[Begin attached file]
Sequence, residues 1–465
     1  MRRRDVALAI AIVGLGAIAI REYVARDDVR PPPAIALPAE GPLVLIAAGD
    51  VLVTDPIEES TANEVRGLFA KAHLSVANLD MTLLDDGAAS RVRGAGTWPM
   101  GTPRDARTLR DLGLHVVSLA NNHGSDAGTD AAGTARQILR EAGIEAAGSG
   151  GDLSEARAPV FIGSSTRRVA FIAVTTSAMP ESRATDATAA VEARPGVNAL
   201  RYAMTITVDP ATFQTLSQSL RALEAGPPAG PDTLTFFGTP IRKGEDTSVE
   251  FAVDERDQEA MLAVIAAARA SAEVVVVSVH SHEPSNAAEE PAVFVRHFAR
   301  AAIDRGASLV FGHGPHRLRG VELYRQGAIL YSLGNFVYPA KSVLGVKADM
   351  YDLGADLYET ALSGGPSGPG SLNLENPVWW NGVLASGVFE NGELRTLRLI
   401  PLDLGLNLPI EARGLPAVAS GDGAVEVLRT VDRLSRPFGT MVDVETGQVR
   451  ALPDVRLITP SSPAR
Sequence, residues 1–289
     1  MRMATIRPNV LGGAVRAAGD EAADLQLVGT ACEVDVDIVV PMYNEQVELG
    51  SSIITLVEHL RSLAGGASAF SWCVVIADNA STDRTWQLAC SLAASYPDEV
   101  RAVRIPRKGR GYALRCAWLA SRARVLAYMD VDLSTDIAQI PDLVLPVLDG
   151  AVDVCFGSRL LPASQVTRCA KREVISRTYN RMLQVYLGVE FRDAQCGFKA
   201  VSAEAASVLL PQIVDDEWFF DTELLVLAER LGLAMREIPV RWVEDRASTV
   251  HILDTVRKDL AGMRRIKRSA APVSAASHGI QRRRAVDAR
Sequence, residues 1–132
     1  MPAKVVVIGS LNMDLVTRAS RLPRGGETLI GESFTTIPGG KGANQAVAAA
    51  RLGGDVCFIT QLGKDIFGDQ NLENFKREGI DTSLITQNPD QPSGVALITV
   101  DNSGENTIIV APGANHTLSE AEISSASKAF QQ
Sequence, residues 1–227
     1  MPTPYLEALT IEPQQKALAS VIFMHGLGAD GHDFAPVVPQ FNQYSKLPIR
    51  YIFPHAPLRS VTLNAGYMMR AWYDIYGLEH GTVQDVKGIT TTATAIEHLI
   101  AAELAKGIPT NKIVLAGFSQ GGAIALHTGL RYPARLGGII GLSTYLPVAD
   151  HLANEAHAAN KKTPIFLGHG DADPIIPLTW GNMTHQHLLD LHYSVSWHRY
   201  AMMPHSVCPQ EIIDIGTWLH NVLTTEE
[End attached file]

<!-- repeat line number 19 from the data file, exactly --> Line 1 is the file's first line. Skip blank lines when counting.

Sequence, residues 1–132